Neil’s Spooning Rellenos were two roasted Anaheim chiles that has been roasted and stuffed with beef, chorizo, Cheddar and Jack cheeses. They were then rolled in Panko and deep fried and topped with a sprinkling of cheese. Neil liked the interior of the rellenos with the mix of the meats and cheese , but did mention that there were possibly too many flavors going on with the rellenos. What Neil hated about his dish, however, was the texture. He said it was “all wrong” with the use of Panko instead of an egg batter. “It was an odd feeling,” he said. “Not very good.” He agreed with Dave about the rice and beans, favoring the rice.
My Carne Adovada smelled wonderful and the fried egg looked like a big eye on the plate staring up at me. Half of the plate was taken up with the adovada and I loved the taste. Smoky, rich and satisfying, the heat factor could have been a bit higher, but I really had no complaints about my dish. The addition of the egg, though, was a nice counterpoint to the spicy meat. I also liked the rice and agreed that the pinto beans were just plain, old pinto beans. The tortillas that accompanied my dish was a step above good. It was soft and was not dry at all. Perfect for mopping up the sauce.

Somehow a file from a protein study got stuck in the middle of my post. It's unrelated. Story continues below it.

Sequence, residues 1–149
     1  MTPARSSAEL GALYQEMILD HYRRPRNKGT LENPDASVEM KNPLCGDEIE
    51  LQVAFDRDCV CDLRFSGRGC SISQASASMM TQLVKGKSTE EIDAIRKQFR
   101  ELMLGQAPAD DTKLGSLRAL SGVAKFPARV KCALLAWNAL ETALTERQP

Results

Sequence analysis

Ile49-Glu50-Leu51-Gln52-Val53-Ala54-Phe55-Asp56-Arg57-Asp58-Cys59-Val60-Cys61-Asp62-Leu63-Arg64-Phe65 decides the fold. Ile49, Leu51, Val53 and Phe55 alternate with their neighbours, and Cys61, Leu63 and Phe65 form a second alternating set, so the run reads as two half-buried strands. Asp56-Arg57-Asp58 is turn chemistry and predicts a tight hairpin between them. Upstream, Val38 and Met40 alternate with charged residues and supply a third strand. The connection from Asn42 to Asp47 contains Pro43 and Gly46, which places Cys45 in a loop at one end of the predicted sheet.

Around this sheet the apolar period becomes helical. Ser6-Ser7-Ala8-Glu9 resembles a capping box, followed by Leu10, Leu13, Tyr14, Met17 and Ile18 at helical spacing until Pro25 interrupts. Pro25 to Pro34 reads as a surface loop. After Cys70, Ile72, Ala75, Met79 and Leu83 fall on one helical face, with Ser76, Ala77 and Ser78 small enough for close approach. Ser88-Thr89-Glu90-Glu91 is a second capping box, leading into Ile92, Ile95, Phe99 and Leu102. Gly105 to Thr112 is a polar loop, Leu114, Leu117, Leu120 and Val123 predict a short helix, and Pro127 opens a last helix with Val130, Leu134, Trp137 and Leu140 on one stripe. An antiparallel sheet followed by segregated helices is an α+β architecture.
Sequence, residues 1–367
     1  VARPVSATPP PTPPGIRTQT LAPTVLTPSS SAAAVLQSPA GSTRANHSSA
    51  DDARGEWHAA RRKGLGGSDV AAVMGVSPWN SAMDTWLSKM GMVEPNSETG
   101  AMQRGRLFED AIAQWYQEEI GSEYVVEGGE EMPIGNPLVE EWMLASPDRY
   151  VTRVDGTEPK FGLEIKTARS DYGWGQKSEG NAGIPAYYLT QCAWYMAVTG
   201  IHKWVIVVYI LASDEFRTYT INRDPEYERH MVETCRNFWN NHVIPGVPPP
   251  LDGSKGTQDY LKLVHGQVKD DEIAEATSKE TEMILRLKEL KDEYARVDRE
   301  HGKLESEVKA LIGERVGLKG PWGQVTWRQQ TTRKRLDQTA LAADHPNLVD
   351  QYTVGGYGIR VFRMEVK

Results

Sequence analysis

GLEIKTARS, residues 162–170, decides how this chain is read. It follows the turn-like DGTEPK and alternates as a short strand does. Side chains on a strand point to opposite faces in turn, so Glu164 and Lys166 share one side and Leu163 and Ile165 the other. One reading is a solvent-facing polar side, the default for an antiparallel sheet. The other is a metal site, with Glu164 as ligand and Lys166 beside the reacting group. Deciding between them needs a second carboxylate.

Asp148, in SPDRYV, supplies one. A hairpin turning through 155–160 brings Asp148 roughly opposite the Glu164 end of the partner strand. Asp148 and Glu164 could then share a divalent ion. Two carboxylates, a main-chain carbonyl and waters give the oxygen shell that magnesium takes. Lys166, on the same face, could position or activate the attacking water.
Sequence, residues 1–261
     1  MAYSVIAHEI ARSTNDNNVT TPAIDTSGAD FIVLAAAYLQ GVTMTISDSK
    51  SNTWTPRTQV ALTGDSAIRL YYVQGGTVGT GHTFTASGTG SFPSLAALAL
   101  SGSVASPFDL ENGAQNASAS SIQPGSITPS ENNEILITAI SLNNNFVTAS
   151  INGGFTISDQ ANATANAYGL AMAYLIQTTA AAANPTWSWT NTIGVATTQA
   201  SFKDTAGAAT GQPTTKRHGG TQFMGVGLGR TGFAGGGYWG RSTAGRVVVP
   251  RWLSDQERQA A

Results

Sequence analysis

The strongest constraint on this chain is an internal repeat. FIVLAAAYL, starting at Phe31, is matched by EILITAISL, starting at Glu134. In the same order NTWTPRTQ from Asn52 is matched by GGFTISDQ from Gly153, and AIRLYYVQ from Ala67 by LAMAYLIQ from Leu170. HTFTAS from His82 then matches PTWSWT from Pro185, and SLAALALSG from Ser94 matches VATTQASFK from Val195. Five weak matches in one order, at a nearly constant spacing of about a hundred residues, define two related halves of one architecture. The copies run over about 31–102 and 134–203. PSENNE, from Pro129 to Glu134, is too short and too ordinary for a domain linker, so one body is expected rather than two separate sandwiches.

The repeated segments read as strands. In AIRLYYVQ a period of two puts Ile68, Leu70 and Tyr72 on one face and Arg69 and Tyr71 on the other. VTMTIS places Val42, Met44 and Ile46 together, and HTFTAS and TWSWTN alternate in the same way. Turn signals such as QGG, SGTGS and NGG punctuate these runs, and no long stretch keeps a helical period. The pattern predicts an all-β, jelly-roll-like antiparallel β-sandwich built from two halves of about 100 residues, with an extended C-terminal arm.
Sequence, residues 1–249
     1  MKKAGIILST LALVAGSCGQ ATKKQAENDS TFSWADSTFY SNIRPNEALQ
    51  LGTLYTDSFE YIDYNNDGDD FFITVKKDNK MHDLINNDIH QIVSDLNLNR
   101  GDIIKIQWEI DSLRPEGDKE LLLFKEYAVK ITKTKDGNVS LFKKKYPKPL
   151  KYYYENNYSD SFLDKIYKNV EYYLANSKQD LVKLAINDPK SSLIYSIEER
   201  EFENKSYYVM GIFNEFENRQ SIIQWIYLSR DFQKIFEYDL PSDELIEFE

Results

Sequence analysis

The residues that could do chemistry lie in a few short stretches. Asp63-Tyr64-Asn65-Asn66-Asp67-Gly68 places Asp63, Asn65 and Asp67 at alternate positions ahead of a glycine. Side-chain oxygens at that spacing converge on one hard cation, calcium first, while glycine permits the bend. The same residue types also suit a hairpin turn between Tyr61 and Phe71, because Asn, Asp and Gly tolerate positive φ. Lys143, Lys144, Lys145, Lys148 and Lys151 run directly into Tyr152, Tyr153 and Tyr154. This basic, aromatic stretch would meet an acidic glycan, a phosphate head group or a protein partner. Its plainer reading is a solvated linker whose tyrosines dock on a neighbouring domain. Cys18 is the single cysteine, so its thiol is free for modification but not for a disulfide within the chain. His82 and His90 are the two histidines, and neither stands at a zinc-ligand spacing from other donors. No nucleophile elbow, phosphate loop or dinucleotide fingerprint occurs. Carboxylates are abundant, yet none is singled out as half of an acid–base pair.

We finished our meals and our server suggested dessert. We were all pretty full, but I had a coupon for a free serving of Sopapillas (normally $5.00). Our server departed, clearing our plates as she left.
When the Sopapillas arrived, they were searing hot and we poked them with a fork to release some of the steam. They came sprinkled with powdered sugar and served with honey. When they had sufficiently cooled, we each took a chunk from the three pillows of dough, doused them with honey and began to munch. They were excellent. Soft, slightly chewy and piping hot. We finished them off in record time and certainly couldn’t complain about the price.
With everything done, we asked for our bill. The total was $68.05, which included tax. We felt this was a decent value. The service was friendly and engaging, so we had no complaints there.
Out of all the dinners, I seemed to have picked the big winners with the pozole and the carne adovada. Neil, on the other hand, was still talking about the odd texture of his rellenos. Dave seems content with his choice, but probably wouldn’t order it again.
I think, in the grand scheme, we felt the food at Blue Adobe was a step above average and if we were in the neighborhood, we would stop in for lunch or dinner. There was enough on the menu to interest me in a repeat visit.
I only wish all our meals had been as good as the carne adovada.
Blue Adobe Grille
10885 Frank Lloyd Wright Boulevard
Scottsdale, AZ 85259
Hours: Sunday through Thursday – 11 AM to 10 PM; Friday and Saturday – 11 AM to 11 PM
Notes: About one block north of Shea. A coupon for free sopapillas can be found on their website. A second location can be found in Mesa.